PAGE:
Everyday ethics: sex determination and ultrasound in Australia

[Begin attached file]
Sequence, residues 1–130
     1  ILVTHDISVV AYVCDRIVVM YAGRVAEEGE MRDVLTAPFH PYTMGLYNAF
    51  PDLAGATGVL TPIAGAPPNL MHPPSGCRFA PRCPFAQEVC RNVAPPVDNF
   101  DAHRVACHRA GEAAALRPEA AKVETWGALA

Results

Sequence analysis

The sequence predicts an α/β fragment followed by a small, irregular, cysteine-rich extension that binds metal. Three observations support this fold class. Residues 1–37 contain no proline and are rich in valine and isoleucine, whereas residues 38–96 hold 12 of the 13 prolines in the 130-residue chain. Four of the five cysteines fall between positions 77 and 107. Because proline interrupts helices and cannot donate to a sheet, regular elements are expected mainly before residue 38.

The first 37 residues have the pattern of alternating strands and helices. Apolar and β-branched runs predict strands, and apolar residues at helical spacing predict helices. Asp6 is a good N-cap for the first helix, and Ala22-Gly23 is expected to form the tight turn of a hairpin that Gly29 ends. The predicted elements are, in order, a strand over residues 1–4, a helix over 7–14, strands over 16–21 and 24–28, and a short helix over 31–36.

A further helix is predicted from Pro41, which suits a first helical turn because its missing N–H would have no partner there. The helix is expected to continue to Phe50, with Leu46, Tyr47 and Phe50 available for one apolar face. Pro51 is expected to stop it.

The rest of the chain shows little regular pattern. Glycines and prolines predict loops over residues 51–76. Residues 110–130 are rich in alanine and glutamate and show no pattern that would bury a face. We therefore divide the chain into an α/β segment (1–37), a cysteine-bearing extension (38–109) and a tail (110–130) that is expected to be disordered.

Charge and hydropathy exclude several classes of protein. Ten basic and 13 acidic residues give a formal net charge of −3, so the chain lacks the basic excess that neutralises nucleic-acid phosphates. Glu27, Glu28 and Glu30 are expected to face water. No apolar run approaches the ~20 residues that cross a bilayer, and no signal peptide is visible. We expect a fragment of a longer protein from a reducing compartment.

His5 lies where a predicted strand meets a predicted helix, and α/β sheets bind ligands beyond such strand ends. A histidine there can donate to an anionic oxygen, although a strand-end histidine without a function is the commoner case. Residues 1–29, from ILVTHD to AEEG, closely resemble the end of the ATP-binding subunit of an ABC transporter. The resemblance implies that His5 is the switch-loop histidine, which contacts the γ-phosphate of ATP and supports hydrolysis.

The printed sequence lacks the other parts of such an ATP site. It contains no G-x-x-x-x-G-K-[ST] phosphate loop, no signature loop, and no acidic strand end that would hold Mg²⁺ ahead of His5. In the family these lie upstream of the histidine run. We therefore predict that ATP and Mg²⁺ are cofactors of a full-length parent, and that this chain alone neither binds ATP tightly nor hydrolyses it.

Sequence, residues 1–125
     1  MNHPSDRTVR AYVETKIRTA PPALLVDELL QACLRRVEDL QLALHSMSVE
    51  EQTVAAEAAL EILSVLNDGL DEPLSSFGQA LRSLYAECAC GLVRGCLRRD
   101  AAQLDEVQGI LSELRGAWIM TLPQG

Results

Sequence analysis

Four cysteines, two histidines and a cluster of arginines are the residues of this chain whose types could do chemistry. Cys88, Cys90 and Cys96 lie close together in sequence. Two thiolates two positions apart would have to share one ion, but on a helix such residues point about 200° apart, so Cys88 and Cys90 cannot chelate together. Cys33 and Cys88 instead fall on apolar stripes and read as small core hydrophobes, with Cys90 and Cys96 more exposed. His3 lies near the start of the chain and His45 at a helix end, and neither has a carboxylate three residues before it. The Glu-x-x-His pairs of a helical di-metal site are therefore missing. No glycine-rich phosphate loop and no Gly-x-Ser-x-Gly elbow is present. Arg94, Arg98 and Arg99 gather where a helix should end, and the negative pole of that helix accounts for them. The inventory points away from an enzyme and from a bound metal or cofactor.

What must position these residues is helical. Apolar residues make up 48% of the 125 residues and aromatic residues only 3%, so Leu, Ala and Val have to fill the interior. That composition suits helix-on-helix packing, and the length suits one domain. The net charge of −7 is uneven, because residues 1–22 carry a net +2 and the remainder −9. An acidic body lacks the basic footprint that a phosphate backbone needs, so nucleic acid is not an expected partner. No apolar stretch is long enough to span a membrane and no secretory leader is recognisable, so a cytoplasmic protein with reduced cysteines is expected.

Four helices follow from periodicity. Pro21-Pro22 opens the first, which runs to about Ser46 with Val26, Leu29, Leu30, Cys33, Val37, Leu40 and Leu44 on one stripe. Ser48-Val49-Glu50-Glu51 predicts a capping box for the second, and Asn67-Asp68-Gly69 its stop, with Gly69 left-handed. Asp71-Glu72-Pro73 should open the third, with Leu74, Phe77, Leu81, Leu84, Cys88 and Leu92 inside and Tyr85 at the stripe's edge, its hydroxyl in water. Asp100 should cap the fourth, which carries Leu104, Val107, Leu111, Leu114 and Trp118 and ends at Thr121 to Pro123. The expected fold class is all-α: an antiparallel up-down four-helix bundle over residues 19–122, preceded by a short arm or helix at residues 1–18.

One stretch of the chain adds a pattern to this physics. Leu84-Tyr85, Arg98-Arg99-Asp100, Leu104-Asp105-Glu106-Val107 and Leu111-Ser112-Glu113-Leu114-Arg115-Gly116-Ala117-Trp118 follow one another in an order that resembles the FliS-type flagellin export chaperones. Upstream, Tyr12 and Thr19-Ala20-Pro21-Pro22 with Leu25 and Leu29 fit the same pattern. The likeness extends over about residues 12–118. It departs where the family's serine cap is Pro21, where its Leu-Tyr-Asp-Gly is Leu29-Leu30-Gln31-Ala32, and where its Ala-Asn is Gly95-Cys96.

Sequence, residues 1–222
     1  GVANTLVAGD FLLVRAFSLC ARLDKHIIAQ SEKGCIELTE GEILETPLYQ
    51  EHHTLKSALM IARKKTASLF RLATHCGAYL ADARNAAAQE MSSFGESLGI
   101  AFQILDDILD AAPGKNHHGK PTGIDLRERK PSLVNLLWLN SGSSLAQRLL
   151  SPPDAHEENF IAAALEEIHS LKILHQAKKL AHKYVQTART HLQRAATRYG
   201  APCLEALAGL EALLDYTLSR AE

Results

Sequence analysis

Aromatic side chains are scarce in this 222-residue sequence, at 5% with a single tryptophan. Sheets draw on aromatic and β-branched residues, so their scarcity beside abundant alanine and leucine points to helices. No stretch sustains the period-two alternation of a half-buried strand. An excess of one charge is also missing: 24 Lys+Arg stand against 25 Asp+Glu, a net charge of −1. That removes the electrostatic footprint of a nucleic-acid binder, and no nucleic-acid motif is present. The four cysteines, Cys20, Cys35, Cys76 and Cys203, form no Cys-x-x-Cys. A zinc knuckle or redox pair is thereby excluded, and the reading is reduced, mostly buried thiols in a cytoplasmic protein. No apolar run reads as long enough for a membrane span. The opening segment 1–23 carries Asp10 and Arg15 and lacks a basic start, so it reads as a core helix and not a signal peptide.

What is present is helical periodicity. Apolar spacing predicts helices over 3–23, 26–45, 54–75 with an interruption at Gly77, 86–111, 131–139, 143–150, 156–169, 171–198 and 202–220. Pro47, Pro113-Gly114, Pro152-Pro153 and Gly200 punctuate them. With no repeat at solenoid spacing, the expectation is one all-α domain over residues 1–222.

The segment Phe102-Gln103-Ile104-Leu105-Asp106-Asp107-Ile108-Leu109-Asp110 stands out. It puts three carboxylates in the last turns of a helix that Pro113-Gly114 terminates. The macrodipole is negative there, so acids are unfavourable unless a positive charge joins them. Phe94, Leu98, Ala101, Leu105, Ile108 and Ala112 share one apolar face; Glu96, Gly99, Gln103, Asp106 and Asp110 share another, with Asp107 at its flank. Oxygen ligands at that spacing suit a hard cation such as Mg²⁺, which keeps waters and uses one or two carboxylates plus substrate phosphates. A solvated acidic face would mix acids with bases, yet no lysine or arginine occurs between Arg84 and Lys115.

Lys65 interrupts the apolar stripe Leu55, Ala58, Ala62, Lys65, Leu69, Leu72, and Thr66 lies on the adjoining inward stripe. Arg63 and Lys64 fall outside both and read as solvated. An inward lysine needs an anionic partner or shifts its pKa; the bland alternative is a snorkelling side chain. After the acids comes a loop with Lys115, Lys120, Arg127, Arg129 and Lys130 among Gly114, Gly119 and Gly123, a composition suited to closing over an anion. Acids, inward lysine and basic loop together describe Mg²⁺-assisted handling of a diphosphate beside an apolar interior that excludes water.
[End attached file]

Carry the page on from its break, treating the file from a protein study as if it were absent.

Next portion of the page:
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1 ARTICLE Everyday ethics: sex determination and ultrasound in Australia Victoria Loblay Department of Anthropology, Macquarie University, NSW 2109, AUSTRALIA In India, the politicisation of sex selective abortion has resulted in legislative measures designed to prevent the misuse of ultrasound for purposes of sex determination during pregnancy. In Australia, however, sex determination remains a largely unregulated component of routine ultrasounds during pregnancy. As an anthropologist, what I find interesting about this contrast is not that India needs regulation more than Australia, but that it is revealing of the assumptions surrounding people s use of ultrasound in these respective cultural landscapes. The truism that reproductive technologies are appropriated differently as they move through various socio-cultural contexts was the premise that drew me to investigate the use of ultrasound for sex determination in the context of my own culture, urban Australia, in preparation for a research project on similar issues in India. The lack of ethical debate on ultrasound and sex determination in Australia could be seen to reflect an assumption that Australian culture is one in which sex bias is negligible. Ethicists recognise that obstetric ultrasonologists manage patients who present issues at the cutting edge of much current ethical debate. (1) The development of ultrasound technology has expanded the ability of ultrasonologists to detect markers of foetal abnormalities, generating new ethical dilemmas concerning patient counselling. However, the ethical imperatives of nondirective counselling and patient autonomy are aimed primarily at debating prenatal diagnostic issues surrounding medical abortion and the risk of foetal abnormalities. Ethical concepts relating to social medicine such as sex selection are secondary. And yet, as with many other components of routine ultrasound during pregnancy, the decisions and experiences relating to sex determination have the potential to be both emotionally and morally fraught. As De Crespigny and Savulescu note, the speed of development of prenatal diagnostic techniques has been little short of explosive (1: 213), creating new ethical challenges for obstetric ultrasound. In the past, ultrasound technology was too unreliable for widespread practice of sex determination during pregnancy. The rapid development of the clarity of images has nullified this premise and the practice of sex determination - although still not definitive - is a popular component of routine ultrasounds conducted at weeks of pregnancy. Social science analyses of ultrasound point to the ways in which the lack of definitive results using ultrasound for sex selection feeds into the perception that certain groups, particularly East Asian and South Asian women, are especially interested in the sex of the foetus (2, 3). Indeed, some sonographers told me of hospitals where they had worked, both in the UK and in Australia, where suspicions of sex selective abortions among minority populations had resulted in bans on the practice of sex determination. However, rapid advancements in the clarity of ultrasound images, and the absence of regulatory guidelines on the practice, have meant that sonographers in this clinic are charged with the responsibility for negotiating the practice of sex determination. This paper details ethnographic research undertaken in the ultrasound department of a public hospital in Sydney, Australia during May-December This research is part of a larger PhD project, funded by an Australian Postgraduate Award, investigating the impact of prenatal diagnostic technology on the experience of pregnancy in India and Australia. Ethics approval for this research was obtained from both Macquarie University Ethics Review Committee (Human Research) and the Ethics Review Committee at the public hospital in Sydney. In this particular clinical setting, ultrasound is not performed for the sole purpose of sex determination. However, aside from this restriction, the practice of sex determination during routine ultrasound is governed neither by ethical guidelines nor by policy imperatives. In terms of bioethical issues, examining the practice of ultrasound and sex determination in the absence of formal regulatory mechanisms is useful for illuminating the process of what I call everyday ethics. It has been recognised by the national bioethics body of Australia, the National Health and Medical Research Council, that ethical conduct is more than simply doing the right thing. It involves acting in the right spirit, out of an abiding respect and concern for one s fellow creatures. We might imagine everyday ethics along these lines to be the day-to-day clinical activities that constitute a moral territory lying outside of formal ethics guidelines. I would argue that anthropology with its methodological focus on ethnography and everyday practice, is particularly well placed to study this unregulated territory and should play a much greater role in informing and expanding Australian bioethics debates beyond abstract philosophical discussions that tend to dominate the field at this point. Based on data gathered through participant observation and qualitative interviews with staff and patients at the ultrasound department of the public hospital, I examine, in this paper, the pivotal role of sonographers in negotiating the moral territory of sex determination. In particular, I examine the everyday [ 188 ]